When I first heard about Marvel’s re-launch of the Moon Knight solo, I was not immediately frothing at the mouth, given that I was largely unfamiliar with the character. Reading a little closer, I noticed the names attached; Warren Ellis, Declan Shalvey and Jordie Bellaire. Shalvey and Bellaire were just coming off a great run on Deadpool’s “The Good, The Bad And The Ugly” arc. Shalvey also worked on Venom with Cullen Bunn, which I deeply love. Eisner-award-winning colourist Jordie Bellaire colours about 80% of my favourite books. So Moon Knight’s potential was already looking up. And then I realised I hadn’t read any new Warren Ellis stuff in a good while. I mean, definitely, I had reread FreakAngels earlier in the year because when do I not want to be reading FreakAngels? I just hadn’t read anything fresh off the assembly-line new. Suddenly, there was a little bit of excitement building for the book. It helped that my local comic book shop was doing a signing, just for the added poke in the right direction.
Moon Knight is not a character I had read a lot of. He had popped up in Bendis’s Ultimate Spider-Man, so I had a vague sense of the gist of his backstory; mental health issues, white suit, moon-adjacent, bit punchy, that sort of thing. I have heard him referred to as Marvel’s “Batman” which is true enough, in that he assumes the night-stalking, crime-fighting elements of the Batman motif, while Tony Stark does the “genius, playboy, philanthropist” world saving stuff. The actual history of Moon Knight and his origins is a little involved, much like any superhero who has been around for a few decades, but basically Mark Spektor, an American veteran turned mercenary, dies in an Egyptian temple and is resurrected by Khonshu, the Moon God, ostensibly as a spirit of vengeance. Spektor manifests secondary personalities, suggested to be related to his service to Khonshu. As Ellis has veteran Marvel reporter Joy Mercado put it in the first issue, “Now, Khonshu, he has four different aspects. So the mercenary, he comes back to the States, becomes the Moon Knight, and two other people.”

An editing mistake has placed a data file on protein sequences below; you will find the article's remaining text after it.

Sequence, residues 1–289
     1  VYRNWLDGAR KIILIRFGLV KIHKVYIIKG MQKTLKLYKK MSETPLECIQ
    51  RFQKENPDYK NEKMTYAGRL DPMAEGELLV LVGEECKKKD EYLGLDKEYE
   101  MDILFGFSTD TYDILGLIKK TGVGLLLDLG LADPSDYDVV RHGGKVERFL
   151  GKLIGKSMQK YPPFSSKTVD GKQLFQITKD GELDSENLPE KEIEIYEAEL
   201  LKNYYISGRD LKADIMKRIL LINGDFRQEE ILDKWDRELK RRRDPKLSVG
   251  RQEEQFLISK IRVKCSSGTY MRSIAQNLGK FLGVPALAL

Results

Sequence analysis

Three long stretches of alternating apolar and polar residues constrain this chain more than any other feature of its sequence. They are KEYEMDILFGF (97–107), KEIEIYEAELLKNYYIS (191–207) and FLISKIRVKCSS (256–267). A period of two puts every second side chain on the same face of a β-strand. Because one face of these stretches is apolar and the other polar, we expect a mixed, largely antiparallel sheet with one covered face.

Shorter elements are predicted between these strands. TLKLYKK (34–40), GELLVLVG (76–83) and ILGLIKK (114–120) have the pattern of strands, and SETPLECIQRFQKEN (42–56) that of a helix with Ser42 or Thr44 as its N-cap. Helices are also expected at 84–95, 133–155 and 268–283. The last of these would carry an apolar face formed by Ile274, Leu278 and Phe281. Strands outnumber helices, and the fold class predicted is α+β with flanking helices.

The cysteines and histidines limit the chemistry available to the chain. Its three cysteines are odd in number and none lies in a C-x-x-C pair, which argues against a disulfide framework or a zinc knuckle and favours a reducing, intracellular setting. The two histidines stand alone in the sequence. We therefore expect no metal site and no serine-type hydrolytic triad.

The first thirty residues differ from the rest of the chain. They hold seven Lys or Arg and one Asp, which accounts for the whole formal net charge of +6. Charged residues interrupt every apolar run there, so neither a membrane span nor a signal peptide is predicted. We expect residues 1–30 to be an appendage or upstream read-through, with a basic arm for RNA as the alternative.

Warren Ellis plays loosely with the material, essentially cutting out the skeleton of the established myth. If there were one word, in fact, to describe this run, it would be “minimal”. Everything is pared back, reduced to the bare minimum. The backstory exists in hints, some from Spektor, much of it from Mercado and Flint – “L.A. There’s footage of him standing in the middle of Sunset shouting at Wolverine, Spider-Man and Captain America”, “Cut off a guy’s face once”, “One of the first cases we ever worked together was a slasher”. Ellis treats the audience like they are smart enough to figure out who Moon Knight with as little direction as possible. In the first pages, we learn a little of the Khonshu tale, that he’s possibly unstable and definitely dangerous, and that he rocks a spiffy suit. The opening issue actually makes a point to discuss his look, pointing out that the glaring white gear is not particularly circumspect for a night-stalking vigilante. As both Joy and Moon Knight note, he enjoys that his targets see him coming. “Because he’s crazy.”